Interdisciplinary Conference in Medieval and Renaissance Studies

Thanks to a travel grant from the Berkeley Language Center, I was able to attend the 22nd Annual Interdisciplinary Conference in Medieval and Renaissance Studies in Phoenix, Arizona, hosted by the Arizona Center for Medieval and Renaissance Studies. There were presentations on a variety of topics spanning the 7th to the 17th centuries investigating cultures and literatures from China to the Americas. This year’s theme was Marginal Figures in the Global Middle Ages and Renaissance. The topic was approached in a variety of interesting ways. Some papers addressed “marginal figures” in society such as practitioners of non-dominant religions, people with disabilities, or female authors writing in an age of male authorship. A dominant theme throughout the conference was race and ethnicity, focusing, for example, on European views of Africans, Jews, or the Muslims they encountered during the Crusades.

Another interesting approach to addressing the “them” of the conference involved another meaning of marginal: the writings or drawings found in the margins of books or manuscripts, or “marginalia.” What people wrote or drew in their books as they read tells us a great deal about how people in the past understood, experienced, and used texts. Names and dates show how a book or manuscript changed hands over time, and can frequently give us information about people who formal history doesn’t normally include, such as women or people of the lower classes. Marginalia can give us a much more intimate snapshot of people in the past than formal history often does, and it was a fruitful topic of investigation for many of the presenters.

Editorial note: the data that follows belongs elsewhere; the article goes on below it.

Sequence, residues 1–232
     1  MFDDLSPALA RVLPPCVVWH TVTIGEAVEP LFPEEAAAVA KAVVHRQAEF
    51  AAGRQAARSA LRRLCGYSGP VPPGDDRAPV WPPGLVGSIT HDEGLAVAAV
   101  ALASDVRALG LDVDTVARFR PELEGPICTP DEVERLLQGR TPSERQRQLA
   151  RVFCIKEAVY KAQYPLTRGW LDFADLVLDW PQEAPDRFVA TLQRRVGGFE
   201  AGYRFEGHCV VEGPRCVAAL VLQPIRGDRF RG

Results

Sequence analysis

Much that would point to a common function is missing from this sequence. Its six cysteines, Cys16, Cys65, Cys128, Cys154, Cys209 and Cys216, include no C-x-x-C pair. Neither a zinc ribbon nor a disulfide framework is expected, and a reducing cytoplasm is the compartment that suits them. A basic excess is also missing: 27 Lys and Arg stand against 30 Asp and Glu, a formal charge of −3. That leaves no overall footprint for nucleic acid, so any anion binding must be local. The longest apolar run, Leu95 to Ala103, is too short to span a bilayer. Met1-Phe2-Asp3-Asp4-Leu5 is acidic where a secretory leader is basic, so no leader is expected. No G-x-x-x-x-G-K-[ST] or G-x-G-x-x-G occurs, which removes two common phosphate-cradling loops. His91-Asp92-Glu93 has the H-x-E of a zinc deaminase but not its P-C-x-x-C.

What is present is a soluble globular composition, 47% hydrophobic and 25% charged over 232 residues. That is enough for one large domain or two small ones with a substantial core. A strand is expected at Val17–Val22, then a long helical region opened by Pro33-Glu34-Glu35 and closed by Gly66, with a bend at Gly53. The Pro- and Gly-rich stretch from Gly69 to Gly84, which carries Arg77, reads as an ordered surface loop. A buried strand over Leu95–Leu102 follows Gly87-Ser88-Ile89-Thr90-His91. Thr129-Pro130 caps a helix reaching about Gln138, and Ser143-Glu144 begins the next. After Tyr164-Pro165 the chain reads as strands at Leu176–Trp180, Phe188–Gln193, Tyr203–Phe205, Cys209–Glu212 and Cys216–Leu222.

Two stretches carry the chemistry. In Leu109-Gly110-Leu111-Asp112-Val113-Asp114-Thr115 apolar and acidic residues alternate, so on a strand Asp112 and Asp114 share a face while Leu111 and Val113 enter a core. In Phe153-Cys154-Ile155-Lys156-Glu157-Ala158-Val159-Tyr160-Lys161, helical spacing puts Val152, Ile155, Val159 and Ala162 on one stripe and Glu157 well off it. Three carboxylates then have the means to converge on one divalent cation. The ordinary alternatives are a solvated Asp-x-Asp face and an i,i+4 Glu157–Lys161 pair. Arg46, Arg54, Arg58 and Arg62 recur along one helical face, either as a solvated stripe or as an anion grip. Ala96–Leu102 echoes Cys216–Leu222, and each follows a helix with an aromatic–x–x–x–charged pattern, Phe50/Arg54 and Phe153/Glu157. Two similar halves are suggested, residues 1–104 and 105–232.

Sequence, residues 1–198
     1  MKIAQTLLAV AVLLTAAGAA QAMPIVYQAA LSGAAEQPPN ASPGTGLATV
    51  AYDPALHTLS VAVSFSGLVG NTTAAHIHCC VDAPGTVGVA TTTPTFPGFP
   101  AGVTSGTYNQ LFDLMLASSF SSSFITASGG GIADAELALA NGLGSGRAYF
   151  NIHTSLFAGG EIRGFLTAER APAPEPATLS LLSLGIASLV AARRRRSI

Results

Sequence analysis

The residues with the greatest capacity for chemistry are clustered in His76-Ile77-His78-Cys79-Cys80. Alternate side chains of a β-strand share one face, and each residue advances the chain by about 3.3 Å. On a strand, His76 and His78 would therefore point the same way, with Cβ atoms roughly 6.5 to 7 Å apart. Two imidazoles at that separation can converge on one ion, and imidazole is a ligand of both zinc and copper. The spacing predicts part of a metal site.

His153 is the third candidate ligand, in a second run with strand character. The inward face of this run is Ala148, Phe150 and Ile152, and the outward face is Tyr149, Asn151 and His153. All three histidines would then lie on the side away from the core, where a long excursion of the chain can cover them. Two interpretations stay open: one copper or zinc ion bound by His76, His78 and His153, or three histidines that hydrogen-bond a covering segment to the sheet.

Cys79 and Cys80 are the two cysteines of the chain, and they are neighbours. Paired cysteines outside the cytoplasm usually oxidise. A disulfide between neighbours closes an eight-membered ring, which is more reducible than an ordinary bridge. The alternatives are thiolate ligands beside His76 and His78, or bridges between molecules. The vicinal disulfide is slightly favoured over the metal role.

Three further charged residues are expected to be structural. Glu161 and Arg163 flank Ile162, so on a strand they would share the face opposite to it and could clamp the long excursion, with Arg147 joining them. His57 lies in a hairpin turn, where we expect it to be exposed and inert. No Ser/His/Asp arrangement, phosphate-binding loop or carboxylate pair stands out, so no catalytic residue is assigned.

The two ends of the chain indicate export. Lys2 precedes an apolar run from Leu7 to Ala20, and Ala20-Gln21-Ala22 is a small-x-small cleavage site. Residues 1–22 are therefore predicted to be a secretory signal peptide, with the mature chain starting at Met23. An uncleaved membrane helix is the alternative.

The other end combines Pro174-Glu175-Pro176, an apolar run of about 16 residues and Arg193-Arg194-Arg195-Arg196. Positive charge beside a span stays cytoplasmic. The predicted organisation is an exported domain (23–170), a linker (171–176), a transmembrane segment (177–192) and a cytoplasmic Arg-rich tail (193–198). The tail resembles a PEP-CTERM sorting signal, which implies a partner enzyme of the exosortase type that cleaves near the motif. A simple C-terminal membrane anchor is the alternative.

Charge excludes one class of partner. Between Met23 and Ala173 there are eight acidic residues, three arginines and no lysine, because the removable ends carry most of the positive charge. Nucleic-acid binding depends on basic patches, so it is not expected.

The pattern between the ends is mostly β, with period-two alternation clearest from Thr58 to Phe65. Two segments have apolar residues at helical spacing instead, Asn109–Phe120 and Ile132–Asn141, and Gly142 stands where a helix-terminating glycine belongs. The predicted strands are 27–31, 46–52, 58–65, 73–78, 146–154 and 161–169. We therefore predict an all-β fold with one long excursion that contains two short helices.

My own presentation was on a panel titled Insider or Outsider? The State of Medieval Iceland. Iceland is unusual in medieval Europe for being a country without a king. From its discovery and settlement in the late 9th century, until the mid-thirteenth century, Iceland was a self-governing commonwealth without a monarch or a formal aristocracy. The conservatism of its language, as well as its location on a volcanic isle in the middle of the North Atlantic, means that Iceland is significantly different from its European neighbors in several respects. At the same time, however, Iceland became thoroughly Christianized during the Middle Ages and participated in both popular and learned European culture through the reading and writing of religious, scientific, historical, grammatical, and fictional literature.

The state of medieval Iceland is important to the history of Scandinavia because the majority of medieval literature written in a Scandinavian language was produced or copied in Iceland, including information about Norse mythology and the early history of Norway, Denmark, and Sweden. Iceland is a small country with a long shadow, and it was exciting to be able to take part in a special conference session that put at the center of attention this traditionally peripheral country.